The quest to eliminate cervical cancer has led researchers to discover a cure using gene-editing technology.
Researchers from Griffith University
Australia is on the verge of becoming the first country in the world to eliminate cervical cancer.
Researchers from Griffith University in Queensland have created a "cure" for cervical cancer by using gene-editing technology to target cervical cancer tumours in mice using "stealth" nanoparticles.
Lead researcher Professor Nigel McMillan said it's the first cancer cure using this technology.
According to ABC, the mice treated had a 100 per cent survival rate, raising hopes for women with cervical cancer.
The gene-editing tool, known as CRISPR-Cas9, is injected by nanoparticles in to the patient's bloodsteam. The nanoparticles then search for the cancer-causing gene E7 and cut the gene in half. When the cell repairs the gene with extra DNA, the cell doesn't recognise the cancerous cells and generates a healthy cell.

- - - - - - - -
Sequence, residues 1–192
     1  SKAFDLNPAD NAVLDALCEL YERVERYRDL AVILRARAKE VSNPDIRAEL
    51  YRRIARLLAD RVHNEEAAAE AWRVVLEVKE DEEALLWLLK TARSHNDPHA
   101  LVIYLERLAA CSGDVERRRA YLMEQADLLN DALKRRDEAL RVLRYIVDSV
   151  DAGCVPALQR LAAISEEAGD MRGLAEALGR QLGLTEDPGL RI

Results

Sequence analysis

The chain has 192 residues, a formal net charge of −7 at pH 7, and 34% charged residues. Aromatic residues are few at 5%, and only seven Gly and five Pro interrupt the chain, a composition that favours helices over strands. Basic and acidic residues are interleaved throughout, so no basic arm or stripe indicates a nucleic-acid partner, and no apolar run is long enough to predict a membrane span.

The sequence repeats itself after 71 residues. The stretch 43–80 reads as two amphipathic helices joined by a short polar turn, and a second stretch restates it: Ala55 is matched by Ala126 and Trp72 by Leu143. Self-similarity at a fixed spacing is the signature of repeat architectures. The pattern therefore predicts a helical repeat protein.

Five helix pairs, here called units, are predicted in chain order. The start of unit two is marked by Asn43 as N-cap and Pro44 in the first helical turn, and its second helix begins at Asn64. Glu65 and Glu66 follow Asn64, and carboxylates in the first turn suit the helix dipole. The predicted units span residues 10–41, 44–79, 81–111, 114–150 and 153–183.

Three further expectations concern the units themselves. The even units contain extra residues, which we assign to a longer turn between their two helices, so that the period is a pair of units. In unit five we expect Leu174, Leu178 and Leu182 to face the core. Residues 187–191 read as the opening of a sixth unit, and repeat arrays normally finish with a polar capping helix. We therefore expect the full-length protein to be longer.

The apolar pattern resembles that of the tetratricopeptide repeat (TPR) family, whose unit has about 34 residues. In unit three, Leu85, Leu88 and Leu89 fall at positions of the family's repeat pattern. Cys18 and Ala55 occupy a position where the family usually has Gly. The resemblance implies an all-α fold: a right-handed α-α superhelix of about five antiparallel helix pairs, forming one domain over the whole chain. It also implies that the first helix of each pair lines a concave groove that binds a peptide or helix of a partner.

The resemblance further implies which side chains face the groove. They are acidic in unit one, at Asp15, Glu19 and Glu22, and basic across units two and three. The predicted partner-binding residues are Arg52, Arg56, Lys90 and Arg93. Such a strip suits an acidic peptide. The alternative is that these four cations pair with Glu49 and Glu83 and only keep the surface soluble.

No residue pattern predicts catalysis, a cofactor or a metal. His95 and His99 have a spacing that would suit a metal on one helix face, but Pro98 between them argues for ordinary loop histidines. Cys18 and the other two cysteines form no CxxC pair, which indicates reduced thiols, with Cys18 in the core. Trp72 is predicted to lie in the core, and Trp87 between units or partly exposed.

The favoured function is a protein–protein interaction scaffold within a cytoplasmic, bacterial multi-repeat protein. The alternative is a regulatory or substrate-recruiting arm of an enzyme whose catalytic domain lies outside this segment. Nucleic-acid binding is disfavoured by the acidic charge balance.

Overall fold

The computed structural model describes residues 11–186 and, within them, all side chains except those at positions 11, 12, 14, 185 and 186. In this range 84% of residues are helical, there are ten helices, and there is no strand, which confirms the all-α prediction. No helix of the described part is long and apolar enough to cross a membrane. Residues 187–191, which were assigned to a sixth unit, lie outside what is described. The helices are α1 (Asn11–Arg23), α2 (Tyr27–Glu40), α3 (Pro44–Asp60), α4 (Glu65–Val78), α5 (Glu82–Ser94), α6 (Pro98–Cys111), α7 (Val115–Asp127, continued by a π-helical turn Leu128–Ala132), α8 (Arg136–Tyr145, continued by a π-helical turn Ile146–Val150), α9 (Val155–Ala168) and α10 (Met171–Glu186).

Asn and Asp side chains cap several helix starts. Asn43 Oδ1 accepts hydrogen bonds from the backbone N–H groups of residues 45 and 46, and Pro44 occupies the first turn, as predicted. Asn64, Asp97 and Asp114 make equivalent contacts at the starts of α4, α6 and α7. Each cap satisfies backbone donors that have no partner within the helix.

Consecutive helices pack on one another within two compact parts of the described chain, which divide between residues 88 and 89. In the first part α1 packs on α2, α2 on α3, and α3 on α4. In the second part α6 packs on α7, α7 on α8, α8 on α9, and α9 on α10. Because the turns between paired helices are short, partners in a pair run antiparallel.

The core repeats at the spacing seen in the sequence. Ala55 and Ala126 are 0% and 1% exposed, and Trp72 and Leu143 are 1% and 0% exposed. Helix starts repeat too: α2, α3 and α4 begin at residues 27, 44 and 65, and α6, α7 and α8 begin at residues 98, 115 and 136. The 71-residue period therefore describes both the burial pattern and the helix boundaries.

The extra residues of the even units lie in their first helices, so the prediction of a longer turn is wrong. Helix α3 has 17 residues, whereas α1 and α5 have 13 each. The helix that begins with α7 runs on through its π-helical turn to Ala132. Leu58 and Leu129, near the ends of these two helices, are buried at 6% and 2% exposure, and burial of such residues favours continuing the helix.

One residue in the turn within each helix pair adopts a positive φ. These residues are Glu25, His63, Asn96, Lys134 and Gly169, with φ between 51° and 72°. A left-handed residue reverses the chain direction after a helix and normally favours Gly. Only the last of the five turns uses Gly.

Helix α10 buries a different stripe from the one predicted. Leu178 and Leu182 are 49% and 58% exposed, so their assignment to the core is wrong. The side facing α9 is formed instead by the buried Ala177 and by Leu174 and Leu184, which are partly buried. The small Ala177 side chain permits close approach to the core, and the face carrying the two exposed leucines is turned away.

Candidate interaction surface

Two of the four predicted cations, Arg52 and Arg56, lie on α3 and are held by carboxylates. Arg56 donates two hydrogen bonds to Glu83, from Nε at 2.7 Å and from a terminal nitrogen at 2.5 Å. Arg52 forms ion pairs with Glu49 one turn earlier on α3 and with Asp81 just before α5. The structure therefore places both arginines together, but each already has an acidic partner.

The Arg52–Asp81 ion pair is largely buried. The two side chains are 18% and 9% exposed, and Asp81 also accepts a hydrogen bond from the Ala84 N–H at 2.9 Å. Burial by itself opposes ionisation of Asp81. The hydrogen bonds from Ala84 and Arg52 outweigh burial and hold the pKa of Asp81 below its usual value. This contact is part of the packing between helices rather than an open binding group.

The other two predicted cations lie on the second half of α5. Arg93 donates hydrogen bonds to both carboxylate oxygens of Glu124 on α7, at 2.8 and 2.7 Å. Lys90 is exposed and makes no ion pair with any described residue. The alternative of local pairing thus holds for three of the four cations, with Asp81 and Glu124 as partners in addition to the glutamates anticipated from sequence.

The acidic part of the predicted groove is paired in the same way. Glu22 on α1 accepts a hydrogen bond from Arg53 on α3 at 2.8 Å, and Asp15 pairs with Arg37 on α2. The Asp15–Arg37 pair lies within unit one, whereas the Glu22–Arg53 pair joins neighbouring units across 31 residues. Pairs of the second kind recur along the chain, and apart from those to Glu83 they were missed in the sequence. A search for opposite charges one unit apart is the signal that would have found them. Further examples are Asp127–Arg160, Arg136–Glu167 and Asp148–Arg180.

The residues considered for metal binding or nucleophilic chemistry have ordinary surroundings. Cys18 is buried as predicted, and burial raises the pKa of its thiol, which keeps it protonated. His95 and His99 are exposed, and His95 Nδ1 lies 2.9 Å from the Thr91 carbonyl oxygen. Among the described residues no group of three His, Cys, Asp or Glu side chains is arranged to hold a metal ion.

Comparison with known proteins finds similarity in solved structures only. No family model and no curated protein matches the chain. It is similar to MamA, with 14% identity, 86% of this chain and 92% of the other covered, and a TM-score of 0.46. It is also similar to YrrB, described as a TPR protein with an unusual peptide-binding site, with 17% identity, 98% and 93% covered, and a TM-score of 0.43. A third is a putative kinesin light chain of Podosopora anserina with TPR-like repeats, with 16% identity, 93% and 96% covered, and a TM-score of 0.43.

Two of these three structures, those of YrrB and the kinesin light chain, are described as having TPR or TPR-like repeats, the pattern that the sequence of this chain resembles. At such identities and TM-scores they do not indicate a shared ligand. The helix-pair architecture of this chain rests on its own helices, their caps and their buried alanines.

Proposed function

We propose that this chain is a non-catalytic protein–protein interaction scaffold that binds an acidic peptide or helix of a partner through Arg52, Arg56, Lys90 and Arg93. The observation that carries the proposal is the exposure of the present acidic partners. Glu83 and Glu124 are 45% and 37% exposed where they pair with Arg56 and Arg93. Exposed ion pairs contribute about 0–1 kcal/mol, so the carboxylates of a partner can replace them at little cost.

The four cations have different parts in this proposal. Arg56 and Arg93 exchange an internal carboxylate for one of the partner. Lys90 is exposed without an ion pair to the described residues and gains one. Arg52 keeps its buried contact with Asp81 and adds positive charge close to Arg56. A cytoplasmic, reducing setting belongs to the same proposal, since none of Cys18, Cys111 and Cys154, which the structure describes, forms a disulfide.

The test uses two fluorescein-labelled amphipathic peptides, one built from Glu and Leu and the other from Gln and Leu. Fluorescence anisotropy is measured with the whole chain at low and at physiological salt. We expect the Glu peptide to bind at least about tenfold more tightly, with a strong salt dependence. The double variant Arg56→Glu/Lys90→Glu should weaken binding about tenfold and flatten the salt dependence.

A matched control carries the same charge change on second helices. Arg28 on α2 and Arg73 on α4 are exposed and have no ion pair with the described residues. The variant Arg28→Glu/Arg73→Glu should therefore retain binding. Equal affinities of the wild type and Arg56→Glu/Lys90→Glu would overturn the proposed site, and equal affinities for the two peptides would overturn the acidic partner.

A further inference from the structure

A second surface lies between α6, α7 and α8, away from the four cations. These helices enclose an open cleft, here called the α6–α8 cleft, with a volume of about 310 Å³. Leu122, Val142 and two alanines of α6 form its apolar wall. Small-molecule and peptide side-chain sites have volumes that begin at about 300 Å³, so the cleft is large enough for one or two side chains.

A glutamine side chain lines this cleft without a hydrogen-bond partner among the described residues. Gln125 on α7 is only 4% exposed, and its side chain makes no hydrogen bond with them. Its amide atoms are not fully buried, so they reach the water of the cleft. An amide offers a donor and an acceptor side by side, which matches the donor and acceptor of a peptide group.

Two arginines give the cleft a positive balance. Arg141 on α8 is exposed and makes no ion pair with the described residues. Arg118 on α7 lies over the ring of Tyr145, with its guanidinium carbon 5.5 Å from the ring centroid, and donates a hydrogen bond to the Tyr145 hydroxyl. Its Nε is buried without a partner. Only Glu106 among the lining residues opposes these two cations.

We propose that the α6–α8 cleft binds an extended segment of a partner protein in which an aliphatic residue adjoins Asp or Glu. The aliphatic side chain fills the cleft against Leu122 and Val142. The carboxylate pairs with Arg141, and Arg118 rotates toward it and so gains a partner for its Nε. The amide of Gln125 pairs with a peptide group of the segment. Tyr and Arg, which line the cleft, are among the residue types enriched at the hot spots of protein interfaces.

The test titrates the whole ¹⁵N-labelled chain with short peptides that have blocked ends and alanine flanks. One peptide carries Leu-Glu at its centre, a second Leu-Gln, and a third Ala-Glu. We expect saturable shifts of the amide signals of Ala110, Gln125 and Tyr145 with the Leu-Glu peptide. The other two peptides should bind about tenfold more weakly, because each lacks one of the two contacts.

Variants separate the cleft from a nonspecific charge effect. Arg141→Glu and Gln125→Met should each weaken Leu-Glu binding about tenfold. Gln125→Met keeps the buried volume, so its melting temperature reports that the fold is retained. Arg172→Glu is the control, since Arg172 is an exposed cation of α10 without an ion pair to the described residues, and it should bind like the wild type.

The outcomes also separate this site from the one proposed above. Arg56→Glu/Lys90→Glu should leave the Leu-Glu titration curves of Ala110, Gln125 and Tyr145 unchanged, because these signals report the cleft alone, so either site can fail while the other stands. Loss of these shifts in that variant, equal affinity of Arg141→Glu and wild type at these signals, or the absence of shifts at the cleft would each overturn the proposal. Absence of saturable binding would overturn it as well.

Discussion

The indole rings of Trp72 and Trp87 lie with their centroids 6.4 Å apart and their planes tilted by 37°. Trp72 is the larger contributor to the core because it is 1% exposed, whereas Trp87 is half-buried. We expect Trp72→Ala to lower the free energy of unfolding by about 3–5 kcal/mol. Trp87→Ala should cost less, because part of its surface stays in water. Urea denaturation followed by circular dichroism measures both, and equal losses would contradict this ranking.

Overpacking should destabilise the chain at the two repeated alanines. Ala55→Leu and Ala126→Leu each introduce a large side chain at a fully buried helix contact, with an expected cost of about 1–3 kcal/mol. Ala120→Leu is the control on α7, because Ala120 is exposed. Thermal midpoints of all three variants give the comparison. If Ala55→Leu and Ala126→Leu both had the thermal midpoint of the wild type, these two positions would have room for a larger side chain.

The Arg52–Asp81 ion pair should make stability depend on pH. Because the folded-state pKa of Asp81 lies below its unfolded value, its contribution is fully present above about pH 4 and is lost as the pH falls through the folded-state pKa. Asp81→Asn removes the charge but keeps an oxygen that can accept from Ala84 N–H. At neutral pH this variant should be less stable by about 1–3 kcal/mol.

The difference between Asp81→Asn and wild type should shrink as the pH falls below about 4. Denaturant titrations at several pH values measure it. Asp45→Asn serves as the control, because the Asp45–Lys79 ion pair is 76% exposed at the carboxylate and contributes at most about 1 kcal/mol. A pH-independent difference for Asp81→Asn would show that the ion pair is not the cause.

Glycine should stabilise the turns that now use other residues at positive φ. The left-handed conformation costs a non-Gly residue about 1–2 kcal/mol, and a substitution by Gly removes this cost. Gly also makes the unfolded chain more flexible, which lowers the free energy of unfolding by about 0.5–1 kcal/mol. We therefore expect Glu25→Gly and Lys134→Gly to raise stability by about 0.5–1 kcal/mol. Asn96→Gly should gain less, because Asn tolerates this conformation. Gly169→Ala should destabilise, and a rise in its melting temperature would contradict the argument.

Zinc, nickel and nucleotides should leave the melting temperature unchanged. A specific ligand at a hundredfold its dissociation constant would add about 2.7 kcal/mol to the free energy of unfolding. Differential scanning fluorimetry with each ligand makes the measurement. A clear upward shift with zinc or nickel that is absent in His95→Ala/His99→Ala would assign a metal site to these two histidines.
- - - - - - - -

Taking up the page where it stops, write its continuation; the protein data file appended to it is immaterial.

Describing the nanoparticles, Professor Nigel McMillan said it works like a spell-checker.
"This is like adding a few extra letters into a word so the spell checker doesn't recognise it anymore. The cancer must have this gene to produce, once edited, the cancer dies. We looked for lots of markers, inflammation and damage, but they were perfectly fine, so this is very exciting."
Professor McMillan, together with research partner Luqman Jabair, have applied for a grant to begin human trials within the next five years.
Professor McMillan said: "There are still many steps to go through before we get to the clinic stage, but I think this really proves that gene editing is going to be proved to be useful."
The study was published in Molecular Therapy.